Multi-terrain yacht trailer
What do you do when you have an amazing man-made lake right out-front of your doorstep? You get an RC boat, of course! But then another question arises: how would one get that boat into the lake in style? (Because carrying it is lame.) Simple! Get an RC car and create a boat trailer for it! With this goal in mind, my three and a half-year-old son Dan and I got to work…
Naturally, we’ve used Tinkercad to design the trailer. Thanks to its unbelievable simplicity, this let us focus on solving problems at hand, rather than figuring out how to use the app… And a few major problems overcome, we had to!
One of the most obvious requirements was getting the boat to its launch destination in one piece… The trailer had to be stable enough under the worst of terrain conditions in order for the yacht not to tip over. Seen above is the rocky terrain leading up to the boat launch. If you take scale into consideration, then you quickly realize that you're transporting a 44+ foot motor yacht, weighing in at ~30 tons over 2-3 foot tall rocks… Crazy!
The trailer design had to reflect just that. A minimalist 8-wheel rocker-bogie system was created to allow the trailer to scale objects (such as rocks) that are up to twice the wheel's diameter in size, while keeping all eight wheels on the ground – and the yacht/trailer leveled.
Wheels were specifically positioned as close together as possible to help the trailer turn better, and also to prevent it from easily high-centering itself.
Foldable, oversized [side] support structures ensured that the yacht did not slide off the trailer in case it became unleveled. The extra-wide wheel base also helped in this regard.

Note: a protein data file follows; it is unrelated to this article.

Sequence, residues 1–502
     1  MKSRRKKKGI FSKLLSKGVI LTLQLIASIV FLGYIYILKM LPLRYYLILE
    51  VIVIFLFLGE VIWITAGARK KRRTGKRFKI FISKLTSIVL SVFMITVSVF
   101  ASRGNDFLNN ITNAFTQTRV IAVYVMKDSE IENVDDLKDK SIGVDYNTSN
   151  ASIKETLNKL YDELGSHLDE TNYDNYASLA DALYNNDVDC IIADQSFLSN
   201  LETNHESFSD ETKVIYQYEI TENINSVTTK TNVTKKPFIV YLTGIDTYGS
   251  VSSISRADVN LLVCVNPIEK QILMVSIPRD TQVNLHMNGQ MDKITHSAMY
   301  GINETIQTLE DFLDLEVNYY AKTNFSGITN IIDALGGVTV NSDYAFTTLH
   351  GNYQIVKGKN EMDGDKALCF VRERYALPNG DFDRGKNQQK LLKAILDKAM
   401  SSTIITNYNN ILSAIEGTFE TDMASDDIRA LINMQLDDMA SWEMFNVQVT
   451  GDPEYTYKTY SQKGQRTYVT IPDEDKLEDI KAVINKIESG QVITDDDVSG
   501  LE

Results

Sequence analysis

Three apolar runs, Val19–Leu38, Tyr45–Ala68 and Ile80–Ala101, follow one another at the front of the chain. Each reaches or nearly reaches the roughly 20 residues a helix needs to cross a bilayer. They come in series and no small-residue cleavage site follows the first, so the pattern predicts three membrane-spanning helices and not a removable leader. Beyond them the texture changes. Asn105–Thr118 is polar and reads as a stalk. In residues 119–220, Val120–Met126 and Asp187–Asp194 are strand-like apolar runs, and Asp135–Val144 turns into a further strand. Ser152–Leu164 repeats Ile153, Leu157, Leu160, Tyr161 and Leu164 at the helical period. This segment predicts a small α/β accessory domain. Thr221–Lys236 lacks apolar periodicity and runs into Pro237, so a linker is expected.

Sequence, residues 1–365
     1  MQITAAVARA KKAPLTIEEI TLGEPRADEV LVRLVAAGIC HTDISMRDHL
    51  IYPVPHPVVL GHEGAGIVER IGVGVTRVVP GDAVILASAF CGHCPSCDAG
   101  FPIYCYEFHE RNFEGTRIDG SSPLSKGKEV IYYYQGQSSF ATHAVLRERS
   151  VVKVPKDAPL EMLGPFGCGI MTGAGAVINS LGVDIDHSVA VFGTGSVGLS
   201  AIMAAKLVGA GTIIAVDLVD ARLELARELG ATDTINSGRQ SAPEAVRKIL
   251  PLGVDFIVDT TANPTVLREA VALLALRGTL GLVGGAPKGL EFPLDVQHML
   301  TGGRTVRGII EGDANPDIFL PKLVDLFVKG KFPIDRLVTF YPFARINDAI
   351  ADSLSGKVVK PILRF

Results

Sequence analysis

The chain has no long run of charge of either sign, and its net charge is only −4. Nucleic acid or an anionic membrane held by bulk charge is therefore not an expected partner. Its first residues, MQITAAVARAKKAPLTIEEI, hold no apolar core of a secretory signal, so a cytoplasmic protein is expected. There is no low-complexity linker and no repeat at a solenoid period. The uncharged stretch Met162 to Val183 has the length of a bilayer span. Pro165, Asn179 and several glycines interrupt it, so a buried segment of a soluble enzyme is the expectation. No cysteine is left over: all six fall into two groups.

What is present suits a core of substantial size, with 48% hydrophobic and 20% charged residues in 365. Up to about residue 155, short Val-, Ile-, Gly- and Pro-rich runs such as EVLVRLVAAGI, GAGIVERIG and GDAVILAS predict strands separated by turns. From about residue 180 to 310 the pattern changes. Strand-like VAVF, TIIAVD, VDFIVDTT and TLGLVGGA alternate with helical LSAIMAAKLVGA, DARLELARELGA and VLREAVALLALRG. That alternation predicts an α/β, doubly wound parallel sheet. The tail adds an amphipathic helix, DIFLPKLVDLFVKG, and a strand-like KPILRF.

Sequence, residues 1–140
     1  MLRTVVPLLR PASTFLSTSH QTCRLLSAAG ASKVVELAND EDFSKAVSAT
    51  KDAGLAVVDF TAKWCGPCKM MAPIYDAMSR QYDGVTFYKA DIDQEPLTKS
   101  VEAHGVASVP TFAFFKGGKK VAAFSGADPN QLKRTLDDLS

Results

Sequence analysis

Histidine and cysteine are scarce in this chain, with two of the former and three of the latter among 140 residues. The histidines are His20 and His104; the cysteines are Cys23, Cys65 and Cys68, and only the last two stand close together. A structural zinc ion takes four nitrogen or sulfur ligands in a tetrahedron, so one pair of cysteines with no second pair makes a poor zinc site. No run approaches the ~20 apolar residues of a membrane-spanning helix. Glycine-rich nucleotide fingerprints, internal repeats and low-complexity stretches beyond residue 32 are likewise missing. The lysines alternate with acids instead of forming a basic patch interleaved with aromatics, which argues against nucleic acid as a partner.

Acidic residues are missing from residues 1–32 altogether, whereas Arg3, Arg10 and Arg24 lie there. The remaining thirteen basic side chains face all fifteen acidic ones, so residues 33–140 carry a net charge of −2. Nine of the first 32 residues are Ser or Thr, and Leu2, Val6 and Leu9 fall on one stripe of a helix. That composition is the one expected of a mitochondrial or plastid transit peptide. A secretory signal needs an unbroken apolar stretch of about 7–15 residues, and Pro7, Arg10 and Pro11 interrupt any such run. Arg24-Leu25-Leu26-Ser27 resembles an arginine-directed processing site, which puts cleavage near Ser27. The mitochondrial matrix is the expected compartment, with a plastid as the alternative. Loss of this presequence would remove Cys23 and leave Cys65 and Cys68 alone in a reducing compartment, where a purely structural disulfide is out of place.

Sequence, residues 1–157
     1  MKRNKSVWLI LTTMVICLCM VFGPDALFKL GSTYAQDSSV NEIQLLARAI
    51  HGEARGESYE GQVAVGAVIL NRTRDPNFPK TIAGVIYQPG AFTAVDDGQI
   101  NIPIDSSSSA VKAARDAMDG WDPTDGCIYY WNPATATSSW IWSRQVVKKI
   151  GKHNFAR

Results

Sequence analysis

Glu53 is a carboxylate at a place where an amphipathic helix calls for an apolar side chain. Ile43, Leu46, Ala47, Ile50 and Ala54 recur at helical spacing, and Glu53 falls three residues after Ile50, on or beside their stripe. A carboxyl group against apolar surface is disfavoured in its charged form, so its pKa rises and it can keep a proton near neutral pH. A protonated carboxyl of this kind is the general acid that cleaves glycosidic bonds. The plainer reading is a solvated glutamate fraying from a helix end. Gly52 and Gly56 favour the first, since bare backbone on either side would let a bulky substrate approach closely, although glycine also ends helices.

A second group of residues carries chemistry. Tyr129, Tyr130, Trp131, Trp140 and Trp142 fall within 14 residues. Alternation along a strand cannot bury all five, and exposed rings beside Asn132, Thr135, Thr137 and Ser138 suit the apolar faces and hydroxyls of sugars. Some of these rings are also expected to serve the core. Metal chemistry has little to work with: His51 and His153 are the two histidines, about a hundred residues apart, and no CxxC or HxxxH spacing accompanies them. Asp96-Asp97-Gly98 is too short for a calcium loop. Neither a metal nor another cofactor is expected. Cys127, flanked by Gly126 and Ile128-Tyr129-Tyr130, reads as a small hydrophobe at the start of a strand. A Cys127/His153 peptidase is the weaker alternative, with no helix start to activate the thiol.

Another problem to overcome was getting the yacht in and out of the water – without coming in contact with it. A system of integrated rubber roller wheels helped the boat glide over the surface of the trailer with ease, while the winch, located at the front top-most position of the trailer arm, pulled the boat out of the water. This particular location was, again, chosen on purpose, as it gets electronics as far away from the water as possible. Main rollers soften things out as the yach is loaded onto the trailer with the help of small springs.
The nature of this project was such that anyone could easily replicate it on their own 3D printer. This, in itself, created several problems we had to work around – mainly of how to fit a 680+ mm model on a 285 mm print bed of a MakerBot Replicator 2. As a result, the trailer was split into sections, which, once printed, would join and lock in place with the help of removable pins. At the same time, this allowed for the trailer to be disassembled in case it had to be stored or moved.
Similar approach was used throught the entire trailer design – that is, you can easily assemble and disassemble it with the help of pins or 3D printed bolts without requiring any tools.
During 3D printing, some of the parts required supports. Autodesk's Meshmixer was used to generate custom support structures which can be seen in the photo below. Meshmixer will either auto-generate these for you, or you can define areas that should be supported with just a click of a button. It's free – you should get it!
Letting the boat back out into the water, again, without coming in contact with it, required for the trailer base to be tiltable (think dump truck unloading its load). This dictated the basic single-axel design, which not only allowed for the two main rocker arms to swiwel freely, but also enabled the trailer to tilt up/down, allowing the boat to simply 'slide' off of it.
Ensuring that our ideas worked, we've rigorously tested each and every elemetnet of this project before moving onto the next task. Over the course of summer 2015, we've done numerous tests – these included everything from long-term reliability and stress-testing, to off-road and launch capabilities. Each one of these tests was documented in greater detail on video, which at the end resulted in us compiling a lot of cool footage!